Are the Reds manipulating service time with Matt McLain?

Are the Reds manipulating service time with Matt McLain?

With calls for the promotion of Matt McLain to the Reds roster, speculation has begun that the Reds might be playing “service time games” with the young infielder. Let’s look at what that allegation means and whether the Reds might indeed be up to roster shenanigans.

When teams are accused of service time manipulation, it references two separate issues. One concerns the length of time before a player reaches free agency, the other is about when a player achieves the right to arbitrate salary disputes. Both of those frameworks and their details are agreed to in the Collective Bargaining Agreements between MLB and the MLBPA.

Related History

When professional baseball started more than 150 years ago, players were paid on one-year contracts. At the end of each season, a player could switch from one team to another. It was common for one club to lure players from its competitors. As you would expect, this competition for labor led to higher salaries and often-fatal financial stress for teams.

In 1879, Boston Red Stockings owner Arthur Soden proposed to the other owners that each team be allowed to “reserve” five of its players, about half the team. Under Soden’s proposal, reserved players could not be poached by other teams. Soden had been burned by a couple of Boston’s star players who had jumped to the Providence Grays. Six NL owners adopted Soden’s proposal in secret, giving birth to the “reserve clause.”

Within a decade, owners had expanded the practice to all 14 players on their rosters. The reserve clause was written into every player’s contract. For nearly 100 years, the rule operated as an unbreakable chain binding a player to his team for as long as that owner wanted him. The rule withstood intense opposition from players and legal challenges on anti-trust grounds.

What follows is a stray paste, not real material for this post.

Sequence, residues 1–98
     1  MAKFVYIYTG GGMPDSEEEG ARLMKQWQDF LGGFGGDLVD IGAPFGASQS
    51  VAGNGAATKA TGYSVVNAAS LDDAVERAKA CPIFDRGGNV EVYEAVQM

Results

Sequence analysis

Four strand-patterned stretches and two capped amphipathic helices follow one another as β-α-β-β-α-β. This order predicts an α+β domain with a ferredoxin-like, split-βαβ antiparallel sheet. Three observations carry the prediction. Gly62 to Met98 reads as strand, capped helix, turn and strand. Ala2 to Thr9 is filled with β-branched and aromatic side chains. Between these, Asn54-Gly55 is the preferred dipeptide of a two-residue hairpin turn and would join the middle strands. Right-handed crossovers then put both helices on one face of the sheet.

Change began when players voted to form the MLB Players Association (MLBPA) in 1965 under the leadership of Marvin Miller. In 1976, after an owner lockout and commissioner-ordered start to the season, MLB and the MLBPA reached an agreement that limited, but did not end, the reserve clause. The new CBA stipulated players would earn free agency — meaning they could negotiate the terms of their service with any team — after accruing six years of major league service time. Today, players short of that 6-year milestone remain bound by Arthur Soden’s rule from 1879, reserved to their original team.

Around the time Major League players were chipping away at the reserve clause, they were also winning the right to arbitrate their salary disputes in certain circumstances. Prior to 1973, players and owners negotiated over salaries, but owners had final say and players had no recourse. During the 1973-74 offseason, players won the right to have salary disputes arbitrated for the final three years of their six years of reserve time.

Subsequent collective bargaining agreements between MLB and the MLBPA have kept in place those rules, leading to the possibility of two types of manipulation by ownership.

Manipulation 1: Free Agency Timing

It remains the rule that a player achieves free agency when he has accumulated six full years of service time at the end of a season. The details of how that time is measured matter greatly and are agreed to in the CBA. A player acquires “service time” for every day during the regular season he is on a major league roster, including when he’s on the MLB Injured List (IL). A “year” of service time is accrued when the player has accumulated 172 days of service time.

A typical MLB season runs 187 days, measured from Opening Day until the season’s final regular season game. That sets up a situation where if a player is promoted from the minor leagues 16 days after Opening Day, he can only accrue 171 days of service time that season, not a full year. Five full years later, even though the player would have been in service for five years plus 171 games, by rule he would not be eligible for free agency yet.

So, the structure allows a team to reserve a player for essentially seven years instead of six if it waits 16 days after Opening Day to promote the player from the minor leagues. That practice is considered manipulation of the service time/reserve clause rule.

Manipulation 2: Arbitration Timing

Players qualify for arbitration settlement of salary disputes after acquiring three years of service time. Prior to that, the team is constrained only by league minimum salaries negotiated in the CBA. For 2023, the minimum salary is $720,000.